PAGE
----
“Play is the work of childhood.” – Jean Piaget
My name is Guadalupe Navarro, a therapist at The Guidance Center. I am here to write about the importance of play and how we can encourage parents to explore their own inner child during playtime with their children. My experience with play came from my own childhood, using toys to help restore justice in a world riddled with evildoers, who looked cooler. I had an admiration for their resiliency of coming back for more after being pummeled by the “good guys”, but I digress. I loved playing with action figures and most, if not all children, have a love of play. Playing is something we all share in common with one another; at one point in our lives, there was nothing more important than playing with toys. Bringing awareness to playtime will help parents appreciate and utilize this time wisely. Below are a few ways in which we as therapists can help parents understand how playtime can be utilized as a developmental tool.
Play equates to learning. We’ve all heard the adage that playing is a child’s way of communicating. It is important to make playtime a habitual, daily exercise but first, we need parents to invest into this method of communication and improving relationships. I hear most of our parents exhale reasons why they can’t, won’t, or don’t play with their babies, toddlers, or young children. The reasons generally include being busy due to time constraints, work, other children in the home, endless chores, and the list goes on. We understand how busy life gets, but even a short amount of quality play time can go a long way.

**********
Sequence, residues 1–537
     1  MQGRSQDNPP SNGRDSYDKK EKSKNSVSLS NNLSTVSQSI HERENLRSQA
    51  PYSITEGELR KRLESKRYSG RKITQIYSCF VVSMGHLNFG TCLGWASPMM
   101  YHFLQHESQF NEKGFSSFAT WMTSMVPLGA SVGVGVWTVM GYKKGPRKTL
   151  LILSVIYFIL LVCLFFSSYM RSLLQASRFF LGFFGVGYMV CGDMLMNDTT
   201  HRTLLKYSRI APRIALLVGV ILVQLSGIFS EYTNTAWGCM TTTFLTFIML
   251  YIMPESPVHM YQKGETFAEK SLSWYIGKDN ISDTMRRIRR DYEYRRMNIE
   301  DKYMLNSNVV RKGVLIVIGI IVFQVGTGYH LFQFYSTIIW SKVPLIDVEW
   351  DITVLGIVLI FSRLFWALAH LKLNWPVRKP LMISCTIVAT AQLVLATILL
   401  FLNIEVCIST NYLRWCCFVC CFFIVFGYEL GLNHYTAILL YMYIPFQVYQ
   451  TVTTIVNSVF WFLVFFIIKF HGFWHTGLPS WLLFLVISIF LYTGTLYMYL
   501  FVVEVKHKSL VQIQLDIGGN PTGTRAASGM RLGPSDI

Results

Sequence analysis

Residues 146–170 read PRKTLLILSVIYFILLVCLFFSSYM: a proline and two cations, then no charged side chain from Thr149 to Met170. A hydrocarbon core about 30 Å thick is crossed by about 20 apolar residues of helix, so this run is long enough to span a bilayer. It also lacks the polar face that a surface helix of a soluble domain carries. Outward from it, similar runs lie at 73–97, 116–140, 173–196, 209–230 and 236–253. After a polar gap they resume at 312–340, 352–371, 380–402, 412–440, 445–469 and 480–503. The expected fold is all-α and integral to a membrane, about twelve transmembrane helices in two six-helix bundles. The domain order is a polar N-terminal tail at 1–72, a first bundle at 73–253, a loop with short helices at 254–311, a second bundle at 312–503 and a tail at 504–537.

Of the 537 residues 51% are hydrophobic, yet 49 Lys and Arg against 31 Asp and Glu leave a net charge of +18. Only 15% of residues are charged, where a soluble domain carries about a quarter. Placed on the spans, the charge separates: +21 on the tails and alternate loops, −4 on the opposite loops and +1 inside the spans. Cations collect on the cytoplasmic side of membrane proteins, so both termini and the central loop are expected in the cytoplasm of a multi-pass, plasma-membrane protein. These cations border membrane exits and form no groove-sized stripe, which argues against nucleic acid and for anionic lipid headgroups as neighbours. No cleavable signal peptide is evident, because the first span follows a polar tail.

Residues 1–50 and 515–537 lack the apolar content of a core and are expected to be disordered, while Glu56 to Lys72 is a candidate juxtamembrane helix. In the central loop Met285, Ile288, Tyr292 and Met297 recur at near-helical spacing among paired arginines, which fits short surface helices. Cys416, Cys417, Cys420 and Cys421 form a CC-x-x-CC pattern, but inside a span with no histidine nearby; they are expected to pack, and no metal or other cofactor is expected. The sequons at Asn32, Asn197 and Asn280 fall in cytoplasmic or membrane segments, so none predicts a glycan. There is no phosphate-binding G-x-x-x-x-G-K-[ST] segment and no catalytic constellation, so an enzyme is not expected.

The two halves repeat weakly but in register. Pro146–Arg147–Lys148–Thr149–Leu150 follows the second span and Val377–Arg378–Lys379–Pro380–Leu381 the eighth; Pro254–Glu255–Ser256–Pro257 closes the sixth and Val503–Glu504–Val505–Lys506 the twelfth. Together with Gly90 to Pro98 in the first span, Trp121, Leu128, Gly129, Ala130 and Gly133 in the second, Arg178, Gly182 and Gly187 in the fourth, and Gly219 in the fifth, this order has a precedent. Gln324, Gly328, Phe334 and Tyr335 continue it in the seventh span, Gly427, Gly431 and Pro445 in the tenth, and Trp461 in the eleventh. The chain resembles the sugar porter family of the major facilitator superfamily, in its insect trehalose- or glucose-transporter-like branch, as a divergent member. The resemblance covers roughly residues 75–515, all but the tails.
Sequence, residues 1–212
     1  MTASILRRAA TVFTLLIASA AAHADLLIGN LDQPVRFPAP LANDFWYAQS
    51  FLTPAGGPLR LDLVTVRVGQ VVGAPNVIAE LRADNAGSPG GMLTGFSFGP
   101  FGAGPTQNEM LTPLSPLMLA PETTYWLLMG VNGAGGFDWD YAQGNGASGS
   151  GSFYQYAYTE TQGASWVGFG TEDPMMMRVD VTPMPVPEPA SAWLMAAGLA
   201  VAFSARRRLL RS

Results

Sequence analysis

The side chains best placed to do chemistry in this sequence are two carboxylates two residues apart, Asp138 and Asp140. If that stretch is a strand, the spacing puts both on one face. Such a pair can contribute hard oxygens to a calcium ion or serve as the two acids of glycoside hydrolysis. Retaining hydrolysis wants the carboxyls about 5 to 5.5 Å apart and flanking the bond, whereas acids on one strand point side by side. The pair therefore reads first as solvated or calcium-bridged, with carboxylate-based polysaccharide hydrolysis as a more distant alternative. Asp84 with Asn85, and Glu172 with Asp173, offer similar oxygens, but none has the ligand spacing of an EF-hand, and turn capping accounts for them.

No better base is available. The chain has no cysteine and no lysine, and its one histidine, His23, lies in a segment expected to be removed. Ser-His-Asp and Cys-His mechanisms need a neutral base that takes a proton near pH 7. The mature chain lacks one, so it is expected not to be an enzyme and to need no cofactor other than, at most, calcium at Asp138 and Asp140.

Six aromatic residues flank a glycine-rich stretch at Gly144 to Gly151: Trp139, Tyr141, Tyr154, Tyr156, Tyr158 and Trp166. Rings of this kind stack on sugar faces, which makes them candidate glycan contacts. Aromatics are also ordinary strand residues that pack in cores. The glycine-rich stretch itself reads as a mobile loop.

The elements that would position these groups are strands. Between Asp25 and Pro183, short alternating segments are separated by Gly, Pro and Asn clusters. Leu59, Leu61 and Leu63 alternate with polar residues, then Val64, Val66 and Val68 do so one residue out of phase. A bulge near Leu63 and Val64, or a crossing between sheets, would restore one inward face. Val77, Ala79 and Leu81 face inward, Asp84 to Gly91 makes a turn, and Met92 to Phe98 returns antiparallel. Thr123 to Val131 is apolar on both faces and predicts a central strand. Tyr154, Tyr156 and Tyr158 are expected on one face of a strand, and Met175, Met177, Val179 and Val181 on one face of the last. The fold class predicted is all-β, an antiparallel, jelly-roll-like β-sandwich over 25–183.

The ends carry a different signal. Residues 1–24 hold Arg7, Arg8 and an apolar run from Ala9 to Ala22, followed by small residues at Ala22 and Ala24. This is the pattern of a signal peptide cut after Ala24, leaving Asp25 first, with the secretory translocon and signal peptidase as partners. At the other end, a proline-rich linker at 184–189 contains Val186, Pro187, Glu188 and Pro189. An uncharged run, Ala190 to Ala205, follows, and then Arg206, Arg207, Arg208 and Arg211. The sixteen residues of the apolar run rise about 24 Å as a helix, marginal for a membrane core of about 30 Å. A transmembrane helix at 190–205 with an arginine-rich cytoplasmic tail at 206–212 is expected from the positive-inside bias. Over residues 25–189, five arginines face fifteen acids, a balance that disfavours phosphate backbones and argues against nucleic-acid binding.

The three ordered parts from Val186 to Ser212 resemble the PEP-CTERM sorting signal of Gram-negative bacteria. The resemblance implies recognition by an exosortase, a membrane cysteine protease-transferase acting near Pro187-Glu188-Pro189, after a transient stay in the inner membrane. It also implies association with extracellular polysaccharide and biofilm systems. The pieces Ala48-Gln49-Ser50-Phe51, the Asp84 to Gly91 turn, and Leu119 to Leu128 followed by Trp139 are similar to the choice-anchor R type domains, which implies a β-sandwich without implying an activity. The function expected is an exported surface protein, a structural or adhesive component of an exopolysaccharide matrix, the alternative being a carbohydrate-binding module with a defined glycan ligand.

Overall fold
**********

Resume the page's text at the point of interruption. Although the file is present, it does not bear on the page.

It is my belief in some cases that playtime with a child is a daunting task for parents. Parents lack the confidence to engage with their children on a basic level as they themselves were not accustomed to spending time with their parents. They have their own complex traumas, and other barriers, that prevent them from being present with their child. Exploring some of these issues while validating and normalizing their experiences will help parents ease into the preparation of rehearsing play. As a reminder, play does not need to be arduous nor do parents need to have the “know how” as children can lead and teach them to play.
Young children have an innate desire to make their parents happy, and this is where parents can begin to assimilate their child to follow directions. As parents, we can provide simple instructions to our toddlers that can help them learn and grow. Even a four-year-old can follow a two to four-step direction, like “Put the doll in the playhouse and bring me the stuffed animal.” When we engage our children in play, they become familiar with our voices and learn to follow our directions outside of playtime. Let’s take this opportunity to inspire little ones to listen and learn and watch them flourish before our eyes.